BROWN: Do people ever come up to you on the street about The Knick? Do they call you Dr. Edwards, Algernon, Algie, or by your actual name?
HOLLAND: People do come up to me quite a lot. I get called all of it. I rarely get called my name; it’s usually “Hey, Dr. Edwards!” or “Algernon.” The most common thing is, “You’re the black doctor on that show!” [laughs] I’ll take any of it, because I’ve definitely been called much worse things.
BROWN: If you could play another character on the show—regardless of race, gender, or age—whom would you want to play?
HOLLAND: I love my character. I don’t think there’s another one that I’d rather play, and that’s rare. In 42, I was a little bit like, “I wish I was playing Jackie Robinson.” But in this case, I couldn’t be happier with this part. I think it fits like a glove. I appreciate all the other parts, but in my opinion I think I’ve got the best one.
BROWN: Did you feel that way about Selma—wishing you had a chance to play Dr. King? Or would it have been too much pressure to play someone so revered?
HOLLAND: Oh no, not at all. David [Oyelowo] did a great job with that part, but I’m a competitive guy, and I’m a trained actor, and I would have loved to have had the opportunity to play that part as well. It’s interesting. I read something the other day, an article came out talking about the rise of the black British actor saying that the reason there are so many black British actors getting so many big jobs in Hollywood is because there is a lack of trained black American actors. The article was talking about Selma in particular, and why David and Carmen [Ejogo], the British actors, were playing the leads. It’s just so wrong and ignorant, I think, for people to even put that idea forward. There are so many trained actors who are capable of playing those parts, and I think it’s a shame that people are even having that discussion.
BROWN: That’s weird. I’ve talked to a lot of black actors who went to drama school and are formally trained.
HOLLAND: Exactly. I went to a conservatory program for four years and then NYU for three years for a masters in acting. Most people do—most of my friends did. There are so many brilliant, trained actors of color in America. If you just think about it, every year in the spring Julliard and NYU and Yale and hundreds of schools across the country graduate classes of trained actors, and in those classes are actors of color. So to say that there aren’t enough actors of color is factually inaccurate. But more than it being inaccurate, it’s also really divisive and damaging and frankly disrespectful to the actors who are out here working. If you look at Selma alone, David played the lead, but he’s surrounded by actors who are trained and come from the theater and have been working for years and years. It really sometimes feels like a slap in the face to hear these British actors say that.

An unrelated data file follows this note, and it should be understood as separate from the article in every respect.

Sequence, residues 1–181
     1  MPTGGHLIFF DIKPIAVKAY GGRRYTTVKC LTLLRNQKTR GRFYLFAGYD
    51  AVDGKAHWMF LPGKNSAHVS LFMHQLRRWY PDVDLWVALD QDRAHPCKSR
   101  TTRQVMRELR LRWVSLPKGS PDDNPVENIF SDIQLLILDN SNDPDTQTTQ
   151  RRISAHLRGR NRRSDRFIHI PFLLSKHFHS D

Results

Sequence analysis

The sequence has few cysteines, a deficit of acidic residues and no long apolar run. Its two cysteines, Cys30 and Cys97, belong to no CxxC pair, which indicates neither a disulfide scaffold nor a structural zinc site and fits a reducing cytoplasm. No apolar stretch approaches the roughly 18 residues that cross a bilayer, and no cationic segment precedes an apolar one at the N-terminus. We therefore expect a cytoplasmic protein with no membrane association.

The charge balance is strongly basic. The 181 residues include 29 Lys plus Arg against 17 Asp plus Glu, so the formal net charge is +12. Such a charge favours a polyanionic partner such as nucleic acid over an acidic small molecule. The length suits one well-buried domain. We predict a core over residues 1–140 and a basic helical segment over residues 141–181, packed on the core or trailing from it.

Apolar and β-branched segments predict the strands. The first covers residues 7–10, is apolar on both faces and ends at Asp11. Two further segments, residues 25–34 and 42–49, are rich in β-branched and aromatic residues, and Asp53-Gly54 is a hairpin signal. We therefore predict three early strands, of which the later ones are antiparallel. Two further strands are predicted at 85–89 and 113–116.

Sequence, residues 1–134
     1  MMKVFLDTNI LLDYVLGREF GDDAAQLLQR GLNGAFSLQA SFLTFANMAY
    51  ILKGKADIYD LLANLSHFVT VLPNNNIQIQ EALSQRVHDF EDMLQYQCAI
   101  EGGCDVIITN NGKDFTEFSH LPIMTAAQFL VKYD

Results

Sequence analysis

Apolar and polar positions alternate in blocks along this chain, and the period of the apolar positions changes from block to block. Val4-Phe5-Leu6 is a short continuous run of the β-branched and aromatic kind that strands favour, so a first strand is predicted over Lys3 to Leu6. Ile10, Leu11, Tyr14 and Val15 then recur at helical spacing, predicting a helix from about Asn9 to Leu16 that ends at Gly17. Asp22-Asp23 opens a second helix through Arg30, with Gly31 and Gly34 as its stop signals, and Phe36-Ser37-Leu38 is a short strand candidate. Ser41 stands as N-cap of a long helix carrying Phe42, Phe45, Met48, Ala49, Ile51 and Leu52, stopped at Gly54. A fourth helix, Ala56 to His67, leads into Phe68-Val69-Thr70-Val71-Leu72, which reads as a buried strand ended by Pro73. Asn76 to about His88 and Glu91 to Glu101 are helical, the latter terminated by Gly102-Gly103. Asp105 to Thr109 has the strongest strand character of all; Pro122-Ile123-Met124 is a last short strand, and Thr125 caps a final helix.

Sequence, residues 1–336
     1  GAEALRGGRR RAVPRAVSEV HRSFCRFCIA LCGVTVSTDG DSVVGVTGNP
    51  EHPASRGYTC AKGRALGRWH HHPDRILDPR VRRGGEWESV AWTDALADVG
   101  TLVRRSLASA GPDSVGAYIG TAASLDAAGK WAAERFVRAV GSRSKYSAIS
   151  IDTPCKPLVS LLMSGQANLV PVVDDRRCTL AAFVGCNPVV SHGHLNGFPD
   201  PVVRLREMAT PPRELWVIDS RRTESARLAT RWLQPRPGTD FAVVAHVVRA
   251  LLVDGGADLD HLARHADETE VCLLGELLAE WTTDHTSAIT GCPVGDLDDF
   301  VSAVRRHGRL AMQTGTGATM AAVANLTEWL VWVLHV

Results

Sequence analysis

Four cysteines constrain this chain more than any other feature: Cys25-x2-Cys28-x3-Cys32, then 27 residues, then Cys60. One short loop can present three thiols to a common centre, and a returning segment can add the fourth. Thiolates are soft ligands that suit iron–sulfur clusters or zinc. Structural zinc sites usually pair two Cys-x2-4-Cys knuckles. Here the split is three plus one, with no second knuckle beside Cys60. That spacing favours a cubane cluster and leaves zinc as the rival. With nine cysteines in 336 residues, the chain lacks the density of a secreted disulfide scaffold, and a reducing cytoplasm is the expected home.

BROWN: Do you think going to drama school was important for you?
HOLLAND: Absolutely. It was instrumental. I learned so much. All the craft skills that I have, I feel like I developed and honed in drama school. It’s the most important thing for me.
BROWN: Was there one thing in particular that you are particularly glad you learnt before going out into the professional world?
HOLLAND: I think working on Shakespeare was a big part of my time at drama school. I’m so glad that I got to know Shakespeare and got a chance to play great parts in Shakespeare, because it really teaches you—or taught me, anyway—everything. When you’re playing Shakespeare, it forces you to think and feel and speak all at the same time, which really is what acting is. It expands your imagination and expands your size of thinking. I would say working on Shakespeare and learning about Shakespeare was the big takeaway for me.
BROWN: What’s your favorite Shakespeare play?
HOLLAND: Oh, man. That’s hard to say. I love Twelfth Night. I love Hamlet, of course—I think every male actor loves Hamlet. The Tempest. I also love a play that a lot of people don’t necessarily love, Richard II.
BROWN: What makes you like Richard II?
HOLLAND: The poetry. The language of Richard II to me is astounding. Some of the speeches that he does—there’s one where he’s contemplating his own mortality and it starts, “I’ve been studying how I may compare this prison where I live unto the world,” and it goes on and on and on, and it’s some of the most beautiful language I’ve ever heard. That one’s very near the top of the list.
BROWN: I heard that your first ever time on stage was when you were 11 in the musical Oliver. Is that true?
HOLLAND: Yeah. I’m from Alabama and my mother started me in this summer drama program, I think mainly to keep me out of trouble. At the end of every summer we’d put on a play, and Oliver was the first one.
BROWN: Who were you?
HOLLAND: I honestly don’t remember. It was so long ago. I think I was just one of the little urchin kids—one of the boys who was living at the home with Fagin.
BROWN: Can you sing?
HOLLAND: I love to sing. I’m definitely not a very good singer, but when I’m in my shower I get down for sure.
BROWN: Do you come from quite a creative family?
HOLLAND: My family is pretty blue-collar hardworking people. My father is extremely poetic and in a different life probably would’ve been a poet or a writer. They’re all really creative people, but their professions are not creative.
BROWN: Does your family watch The Knick?
HOLLAND: They do. Every Friday when it comes on they have a little party. They invite family over and watch it and call me every five minutes: “What was that? What did he say? I can’t believe that! Why did he do that?”
BROWN: Do you warn them if something particularly gruesome or shocking is going to happen?
HOLLAND: No. I warned them on the very first episode with that C-section. I told them, “Don’t eat before you watch this one.” But from then on they were cool.
BROWN: I was thinking about when Dr. Edwards would have been able to, not just achieve his full potential as a doctor, but to do so and have it not be an anomaly. It’s quite difficult to pinpoint a time.
HOLLAND: I’ll be honest. I don’t know if it’s happened yet. I think there’s still this idea—there’s still so much shock around people of color being in certain positions. I don’t think we’re there yet.
SEASON TWO OF THE KNICK PREMIERES TOMORROW, OCTOBER 16, ON CINEMAX